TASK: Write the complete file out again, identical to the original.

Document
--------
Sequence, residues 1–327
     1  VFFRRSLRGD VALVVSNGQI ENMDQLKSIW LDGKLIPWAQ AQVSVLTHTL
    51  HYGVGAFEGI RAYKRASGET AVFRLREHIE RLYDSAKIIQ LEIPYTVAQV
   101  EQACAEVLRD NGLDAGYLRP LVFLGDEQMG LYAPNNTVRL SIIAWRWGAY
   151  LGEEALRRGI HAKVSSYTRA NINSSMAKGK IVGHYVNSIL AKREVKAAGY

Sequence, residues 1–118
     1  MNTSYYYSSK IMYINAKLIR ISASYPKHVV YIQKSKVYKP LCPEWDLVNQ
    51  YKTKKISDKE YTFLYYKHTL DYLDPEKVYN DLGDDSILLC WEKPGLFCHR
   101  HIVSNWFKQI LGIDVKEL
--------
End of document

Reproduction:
Sequence, residues 1–327
     1  VFFRRSLRGD VALVVSNGQI ENMDQLKSIW LDGKLIPWAQ AQVSVLTHTL
    51  HYGVGAFEGI RAYKRASGET AVFRLREHIE RLYDSAKIIQ LEIPYTVAQV
   101  EQACAEVLRD NGLDAGYLRP LVFLGDEQMG LYAPNNTVRL SIIAWRWGAY
   151  LGEEALRRGI HAKVSSYTRA NINSSMAKGK IVGHYVNSIL AKREVKAAGY

Sequence, residues 1–118
     1  MNTSYYYSSK IMYINAKLIR ISASYPKHVV YIQKSKVYKP LCPEWDLVNQ
    51  YKTKKISDKE YTFLYYKHTL DYLDPEKVYN DLGDDSILLC WEKPGLFCHR
   101  HIVSNWFKQI LGIDVKEL